Researches at Vanderbilt University in the US have discovered what they call a "taste-health balance point" in a series of experiments, suggesting that suppressing devilish cravings for delicious but unhealthy foods will only ever be temporary.
Instead, they say, those who strive for healthy living will have more luck adhering to a nutritional regimen that takes into account the proportion of vice and virtue, emphasising virtue and accepting vice in moderation.
The solution "can help consumers who would otherwise choose vice over virtue to simultaneously increase consumption of healthy foods (virtues) and decrease consumption of unhealthy foods (vices) while still fulfilling taste goals: 'Vice-virtue bundles,'" says Kelly L. Haws, associate professor of management at Vanderbilt's Owen Graduate School of Management.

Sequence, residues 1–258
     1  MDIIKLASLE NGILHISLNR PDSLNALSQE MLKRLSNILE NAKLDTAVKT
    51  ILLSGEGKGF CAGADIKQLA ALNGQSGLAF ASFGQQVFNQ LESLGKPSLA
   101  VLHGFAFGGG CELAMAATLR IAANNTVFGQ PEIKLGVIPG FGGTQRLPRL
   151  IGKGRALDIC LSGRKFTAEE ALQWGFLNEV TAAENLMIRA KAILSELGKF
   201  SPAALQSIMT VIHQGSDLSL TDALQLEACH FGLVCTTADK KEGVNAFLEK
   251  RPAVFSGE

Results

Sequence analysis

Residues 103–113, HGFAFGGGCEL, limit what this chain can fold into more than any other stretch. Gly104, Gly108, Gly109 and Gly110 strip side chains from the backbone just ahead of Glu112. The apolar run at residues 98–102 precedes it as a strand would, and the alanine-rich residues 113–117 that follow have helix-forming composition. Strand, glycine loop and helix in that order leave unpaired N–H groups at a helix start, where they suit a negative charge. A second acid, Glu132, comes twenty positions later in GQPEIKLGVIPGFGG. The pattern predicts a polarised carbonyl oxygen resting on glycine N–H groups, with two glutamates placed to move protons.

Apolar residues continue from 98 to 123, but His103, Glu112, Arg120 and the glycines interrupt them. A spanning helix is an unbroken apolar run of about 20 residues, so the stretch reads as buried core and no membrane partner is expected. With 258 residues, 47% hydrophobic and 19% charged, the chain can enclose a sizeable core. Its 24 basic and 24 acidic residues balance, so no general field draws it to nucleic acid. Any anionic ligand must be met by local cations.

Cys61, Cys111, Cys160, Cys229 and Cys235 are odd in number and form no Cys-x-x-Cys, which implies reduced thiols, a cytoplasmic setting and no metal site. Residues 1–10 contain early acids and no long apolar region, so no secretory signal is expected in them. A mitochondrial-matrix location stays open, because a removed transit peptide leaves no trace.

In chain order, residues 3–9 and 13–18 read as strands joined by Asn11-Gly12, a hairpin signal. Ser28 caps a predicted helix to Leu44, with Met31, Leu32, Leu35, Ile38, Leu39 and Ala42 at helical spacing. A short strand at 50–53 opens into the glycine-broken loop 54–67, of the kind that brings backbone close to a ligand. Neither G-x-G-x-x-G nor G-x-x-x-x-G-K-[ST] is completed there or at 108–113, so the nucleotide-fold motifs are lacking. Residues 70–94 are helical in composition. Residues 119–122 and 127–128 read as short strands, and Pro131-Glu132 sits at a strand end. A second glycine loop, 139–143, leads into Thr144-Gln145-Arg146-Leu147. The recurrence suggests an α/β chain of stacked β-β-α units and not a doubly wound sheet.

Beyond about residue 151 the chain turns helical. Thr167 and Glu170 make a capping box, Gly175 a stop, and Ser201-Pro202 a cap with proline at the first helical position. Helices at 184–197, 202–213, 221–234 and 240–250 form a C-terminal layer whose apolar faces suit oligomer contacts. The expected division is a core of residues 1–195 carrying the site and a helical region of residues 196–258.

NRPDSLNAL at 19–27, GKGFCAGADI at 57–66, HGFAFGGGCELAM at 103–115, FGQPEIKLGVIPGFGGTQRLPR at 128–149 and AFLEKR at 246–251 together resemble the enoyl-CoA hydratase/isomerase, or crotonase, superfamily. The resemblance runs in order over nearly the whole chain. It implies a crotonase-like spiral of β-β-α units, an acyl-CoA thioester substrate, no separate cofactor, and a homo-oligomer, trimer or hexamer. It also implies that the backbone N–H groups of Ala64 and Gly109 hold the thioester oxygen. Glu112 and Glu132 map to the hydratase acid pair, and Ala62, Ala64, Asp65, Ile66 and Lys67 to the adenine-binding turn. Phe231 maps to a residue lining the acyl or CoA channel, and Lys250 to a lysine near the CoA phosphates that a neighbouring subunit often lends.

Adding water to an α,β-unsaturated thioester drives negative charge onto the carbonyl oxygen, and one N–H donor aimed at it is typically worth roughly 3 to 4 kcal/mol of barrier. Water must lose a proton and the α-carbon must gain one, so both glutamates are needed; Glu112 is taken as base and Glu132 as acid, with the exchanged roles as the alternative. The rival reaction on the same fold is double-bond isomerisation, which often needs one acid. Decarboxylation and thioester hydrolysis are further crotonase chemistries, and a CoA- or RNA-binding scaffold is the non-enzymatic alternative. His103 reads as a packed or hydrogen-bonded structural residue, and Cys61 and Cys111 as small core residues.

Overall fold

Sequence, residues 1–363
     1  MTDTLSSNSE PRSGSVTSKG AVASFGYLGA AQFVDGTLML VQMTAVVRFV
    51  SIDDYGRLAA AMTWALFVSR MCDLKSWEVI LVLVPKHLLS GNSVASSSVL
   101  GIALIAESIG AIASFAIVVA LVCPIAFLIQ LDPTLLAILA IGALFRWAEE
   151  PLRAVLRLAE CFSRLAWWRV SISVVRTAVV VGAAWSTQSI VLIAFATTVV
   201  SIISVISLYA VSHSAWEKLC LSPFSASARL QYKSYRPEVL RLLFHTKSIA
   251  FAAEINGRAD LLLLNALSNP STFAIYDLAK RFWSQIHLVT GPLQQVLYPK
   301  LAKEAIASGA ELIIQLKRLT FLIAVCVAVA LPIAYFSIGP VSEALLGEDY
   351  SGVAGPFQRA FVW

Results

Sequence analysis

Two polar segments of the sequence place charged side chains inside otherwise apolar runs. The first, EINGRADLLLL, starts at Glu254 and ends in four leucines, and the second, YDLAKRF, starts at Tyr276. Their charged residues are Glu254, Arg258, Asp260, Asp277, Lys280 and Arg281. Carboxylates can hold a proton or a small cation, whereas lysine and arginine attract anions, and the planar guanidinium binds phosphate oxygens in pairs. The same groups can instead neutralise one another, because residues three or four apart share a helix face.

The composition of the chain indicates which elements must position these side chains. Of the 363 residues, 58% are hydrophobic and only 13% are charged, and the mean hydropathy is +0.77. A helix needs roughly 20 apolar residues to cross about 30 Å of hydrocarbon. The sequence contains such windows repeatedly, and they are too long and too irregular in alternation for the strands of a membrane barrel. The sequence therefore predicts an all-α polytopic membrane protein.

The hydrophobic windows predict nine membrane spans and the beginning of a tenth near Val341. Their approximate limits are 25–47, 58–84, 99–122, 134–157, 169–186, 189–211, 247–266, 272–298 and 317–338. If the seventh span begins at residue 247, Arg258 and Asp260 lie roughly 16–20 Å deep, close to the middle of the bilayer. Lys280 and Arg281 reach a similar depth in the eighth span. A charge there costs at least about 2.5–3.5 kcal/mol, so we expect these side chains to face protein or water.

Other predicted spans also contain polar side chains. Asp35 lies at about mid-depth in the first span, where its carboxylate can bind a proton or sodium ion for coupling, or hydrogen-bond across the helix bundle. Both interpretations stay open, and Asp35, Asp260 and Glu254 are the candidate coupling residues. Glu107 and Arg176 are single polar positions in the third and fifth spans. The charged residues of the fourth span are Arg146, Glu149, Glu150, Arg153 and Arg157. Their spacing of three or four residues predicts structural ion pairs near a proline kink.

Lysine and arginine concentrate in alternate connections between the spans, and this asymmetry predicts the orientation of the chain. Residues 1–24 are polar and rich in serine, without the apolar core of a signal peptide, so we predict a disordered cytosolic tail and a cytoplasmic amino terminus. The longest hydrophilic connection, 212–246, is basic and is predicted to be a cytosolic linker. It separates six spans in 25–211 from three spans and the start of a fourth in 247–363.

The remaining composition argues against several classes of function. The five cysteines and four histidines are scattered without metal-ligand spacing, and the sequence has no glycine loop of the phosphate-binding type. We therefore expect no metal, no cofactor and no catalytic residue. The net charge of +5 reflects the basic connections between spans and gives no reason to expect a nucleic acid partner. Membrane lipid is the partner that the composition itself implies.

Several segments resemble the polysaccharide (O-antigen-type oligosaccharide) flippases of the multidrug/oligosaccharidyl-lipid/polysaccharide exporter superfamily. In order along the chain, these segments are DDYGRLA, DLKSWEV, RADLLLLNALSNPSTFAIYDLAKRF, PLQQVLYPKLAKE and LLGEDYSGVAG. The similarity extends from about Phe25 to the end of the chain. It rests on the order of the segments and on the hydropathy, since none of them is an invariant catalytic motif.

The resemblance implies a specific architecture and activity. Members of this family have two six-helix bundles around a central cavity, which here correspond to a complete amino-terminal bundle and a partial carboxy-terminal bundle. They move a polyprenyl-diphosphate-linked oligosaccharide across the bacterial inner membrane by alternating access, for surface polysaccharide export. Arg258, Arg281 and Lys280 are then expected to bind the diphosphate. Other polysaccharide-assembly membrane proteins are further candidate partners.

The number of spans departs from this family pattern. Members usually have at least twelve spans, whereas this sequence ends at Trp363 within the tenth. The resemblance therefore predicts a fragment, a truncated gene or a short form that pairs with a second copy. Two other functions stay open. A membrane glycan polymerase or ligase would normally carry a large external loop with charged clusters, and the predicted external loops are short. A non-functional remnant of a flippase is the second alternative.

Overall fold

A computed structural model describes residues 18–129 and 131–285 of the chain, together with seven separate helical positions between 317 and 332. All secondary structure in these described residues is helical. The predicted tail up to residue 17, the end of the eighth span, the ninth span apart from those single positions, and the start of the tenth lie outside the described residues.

The experimentation process indicated that most people can be satisfied on a diet in which between one quarter and one half of the foods they eat are sinful, examples of which include French fries and doughnuts.
According to their paper, participants given meals adhering to "vice-virtue bundles" proportions found them equally tasty as meals of which three quarters consisted of vice foods.
Dieters should aim to increase portions of virtuous foods such as fruits and will likely find themselves satisfied with reduced portions of calorie-laden fare, according to the researchers.